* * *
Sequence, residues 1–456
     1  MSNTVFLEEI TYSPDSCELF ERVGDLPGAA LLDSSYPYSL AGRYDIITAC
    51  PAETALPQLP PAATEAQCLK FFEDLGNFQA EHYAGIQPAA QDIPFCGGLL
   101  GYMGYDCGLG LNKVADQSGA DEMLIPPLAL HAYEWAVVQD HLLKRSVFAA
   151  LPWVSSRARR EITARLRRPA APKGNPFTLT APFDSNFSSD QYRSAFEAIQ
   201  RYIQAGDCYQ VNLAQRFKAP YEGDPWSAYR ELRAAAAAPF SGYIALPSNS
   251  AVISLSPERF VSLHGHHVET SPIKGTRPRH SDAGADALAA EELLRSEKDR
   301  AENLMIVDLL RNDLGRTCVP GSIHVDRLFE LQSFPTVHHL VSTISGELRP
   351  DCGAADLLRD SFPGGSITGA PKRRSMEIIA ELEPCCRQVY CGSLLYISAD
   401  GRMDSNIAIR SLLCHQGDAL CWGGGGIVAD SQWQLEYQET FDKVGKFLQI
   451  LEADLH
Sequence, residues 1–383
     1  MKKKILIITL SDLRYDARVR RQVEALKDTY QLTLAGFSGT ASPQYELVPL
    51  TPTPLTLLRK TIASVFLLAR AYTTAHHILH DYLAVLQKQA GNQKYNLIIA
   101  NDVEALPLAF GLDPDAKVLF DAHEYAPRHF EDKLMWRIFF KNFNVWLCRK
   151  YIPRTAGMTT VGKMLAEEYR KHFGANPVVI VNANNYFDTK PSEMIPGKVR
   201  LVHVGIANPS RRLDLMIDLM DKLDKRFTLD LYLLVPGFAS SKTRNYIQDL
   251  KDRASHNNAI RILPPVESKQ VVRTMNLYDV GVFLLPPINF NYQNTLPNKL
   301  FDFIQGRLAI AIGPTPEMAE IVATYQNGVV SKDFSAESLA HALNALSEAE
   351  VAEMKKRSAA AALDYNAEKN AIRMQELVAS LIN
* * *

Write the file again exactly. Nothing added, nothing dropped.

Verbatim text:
Sequence, residues 1–456
     1  MSNTVFLEEI TYSPDSCELF ERVGDLPGAA LLDSSYPYSL AGRYDIITAC
    51  PAETALPQLP PAATEAQCLK FFEDLGNFQA EHYAGIQPAA QDIPFCGGLL
   101  GYMGYDCGLG LNKVADQSGA DEMLIPPLAL HAYEWAVVQD HLLKRSVFAA
   151  LPWVSSRARR EITARLRRPA APKGNPFTLT APFDSNFSSD QYRSAFEAIQ
   201  RYIQAGDCYQ VNLAQRFKAP YEGDPWSAYR ELRAAAAAPF SGYIALPSNS
   251  AVISLSPERF VSLHGHHVET SPIKGTRPRH SDAGADALAA EELLRSEKDR
   301  AENLMIVDLL RNDLGRTCVP GSIHVDRLFE LQSFPTVHHL VSTISGELRP
   351  DCGAADLLRD SFPGGSITGA PKRRSMEIIA ELEPCCRQVY CGSLLYISAD
   401  GRMDSNIAIR SLLCHQGDAL CWGGGGIVAD SQWQLEYQET FDKVGKFLQI
   451  LEADLH
Sequence, residues 1–383
     1  MKKKILIITL SDLRYDARVR RQVEALKDTY QLTLAGFSGT ASPQYELVPL
    51  TPTPLTLLRK TIASVFLLAR AYTTAHHILH DYLAVLQKQA GNQKYNLIIA
   101  NDVEALPLAF GLDPDAKVLF DAHEYAPRHF EDKLMWRIFF KNFNVWLCRK
   151  YIPRTAGMTT VGKMLAEEYR KHFGANPVVI VNANNYFDTK PSEMIPGKVR
   201  LVHVGIANPS RRLDLMIDLM DKLDKRFTLD LYLLVPGFAS SKTRNYIQDL
   251  KDRASHNNAI RILPPVESKQ VVRTMNLYDV GVFLLPPINF NYQNTLPNKL
   301  FDFIQGRLAI AIGPTPEMAE IVATYQNGVV SKDFSAESLA HALNALSEAE
   351  VAEMKKRSAA AALDYNAEKN AIRMQELVAS LIN